Kevin Tussy, NameTag’s creator claims that the goal of his app are much more wholesome in nature then what it will surely be used for. NameTag is working on technology that will allow scanning of profile piuctures on various on-line dating sites.
“I believe that this will make online dating and offline social interactions much safer and give us a far better understanding of the people around us,” Tussy said in a statement last month. “It’s much easier to meet interesting new people when we can simply look at someone, see their Facebook, review their LinkedIn page or maybe even see their dating site profile.”
While the idea of being able to screen registered sex offenders does have certain merits to it, the overall destruction of privacy that this app will create is huge. While Google has already banned facial recognition apps from Google Glass due to “privacy concerns.” It’s still a relatively easy jailbreak.
The same type of technology that the NSA is using is now soon to be in the hands of just about anyone. I don’t think even Orwell could have envisioned what this could mean.
As reported by CNET:
A new slide culled from the trove of documents leaked by Edward Snowden shows where the NSA placed malware on more than 50,000 computer networks worldwide, according to Dutch media outlet NRC.
The NSA management presentation slide from 2012 shows a world map spiderwebbed with “Computer Network Exploitation” access points.
Like all the NSA slides we’ve seen so far, this one is unlikely to win a Powerpoint beauty pageant anytime soon.
Not that this should distract anyone from the profoundly disturbing implications of this US government malware map that’s being reported by a Dutch news agency — an outlet to which the US government gave a “no comment.”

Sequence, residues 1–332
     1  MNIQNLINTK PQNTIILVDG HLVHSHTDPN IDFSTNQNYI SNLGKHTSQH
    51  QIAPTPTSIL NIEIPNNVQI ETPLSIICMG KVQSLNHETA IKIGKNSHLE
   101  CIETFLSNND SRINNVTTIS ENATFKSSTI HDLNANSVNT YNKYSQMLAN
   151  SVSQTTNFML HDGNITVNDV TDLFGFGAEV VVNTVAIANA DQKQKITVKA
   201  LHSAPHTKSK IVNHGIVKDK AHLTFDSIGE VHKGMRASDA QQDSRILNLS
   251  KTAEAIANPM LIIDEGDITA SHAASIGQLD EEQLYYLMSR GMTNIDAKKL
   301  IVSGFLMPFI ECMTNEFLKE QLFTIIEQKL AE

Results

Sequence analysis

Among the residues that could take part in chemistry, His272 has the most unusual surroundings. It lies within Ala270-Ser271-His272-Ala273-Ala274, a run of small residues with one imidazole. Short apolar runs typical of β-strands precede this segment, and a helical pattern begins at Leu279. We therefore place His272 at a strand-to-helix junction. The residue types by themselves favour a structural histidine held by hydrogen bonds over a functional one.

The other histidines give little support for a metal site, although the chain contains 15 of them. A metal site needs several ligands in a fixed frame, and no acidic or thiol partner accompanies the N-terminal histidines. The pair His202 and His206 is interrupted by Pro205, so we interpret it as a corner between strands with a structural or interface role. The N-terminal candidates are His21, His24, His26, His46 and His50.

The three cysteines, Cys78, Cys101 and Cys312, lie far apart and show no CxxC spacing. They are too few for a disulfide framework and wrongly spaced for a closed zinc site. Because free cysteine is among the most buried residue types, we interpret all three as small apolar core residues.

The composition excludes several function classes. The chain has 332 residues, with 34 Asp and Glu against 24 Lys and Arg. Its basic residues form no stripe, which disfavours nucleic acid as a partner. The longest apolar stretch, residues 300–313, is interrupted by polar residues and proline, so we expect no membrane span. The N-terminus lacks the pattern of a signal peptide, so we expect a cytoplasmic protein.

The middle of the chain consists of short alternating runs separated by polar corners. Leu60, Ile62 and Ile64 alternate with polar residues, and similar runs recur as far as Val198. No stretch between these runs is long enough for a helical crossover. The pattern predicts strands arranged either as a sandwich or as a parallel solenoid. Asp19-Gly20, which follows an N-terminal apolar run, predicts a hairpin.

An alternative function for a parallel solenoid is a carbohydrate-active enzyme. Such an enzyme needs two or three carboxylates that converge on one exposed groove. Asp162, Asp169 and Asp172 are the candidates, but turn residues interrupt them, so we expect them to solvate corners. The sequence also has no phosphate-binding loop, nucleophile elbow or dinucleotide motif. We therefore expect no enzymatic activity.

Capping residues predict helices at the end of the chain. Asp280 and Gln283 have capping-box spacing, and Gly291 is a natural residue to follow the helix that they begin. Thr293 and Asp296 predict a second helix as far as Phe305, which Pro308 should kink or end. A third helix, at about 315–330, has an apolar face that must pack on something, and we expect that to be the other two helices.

Translated from Dutch:
The American intelligence service — NSA — infected more than 50,000 computer networks worldwide with malicious software designed to steal sensitive information.
Documents provided by former NSA employee Edward Snowden and seen by this newspaper, prove this.
(…) The NSA declined to comment and referred to the US Government. A government spokesperson states that any disclosure of classified material is harmful to our national security.
Not even in sin city are you free from the watchful eye of big brother.
From The Daily Mail:
Las Vegas is currently installing Intellistreet lights to their well-lit city. But Intellistreets are not just any street-lighting system.
The wireless, LED lighting, computer-operated lights are not only capable of illuminating streets, they can also play music, interact with pedestrians and are equipped with video screens, which can display police alerts, weather alerts and traffic information. The high tech lights can also stream live video of activity in the surrounding area.
But there’s one major concern.These new street lights, being rolled out with the aid of government funding, are also capable of recording video and audio.
Civil rights activist, Daphne Lee told NBC News 3 that she is worried about her freedom as an American citizen.
“This technology, you know is taking us to a place where, you know, you’ll essentially be monitored from the moment you leave your home till the moment you get home,” said Lee.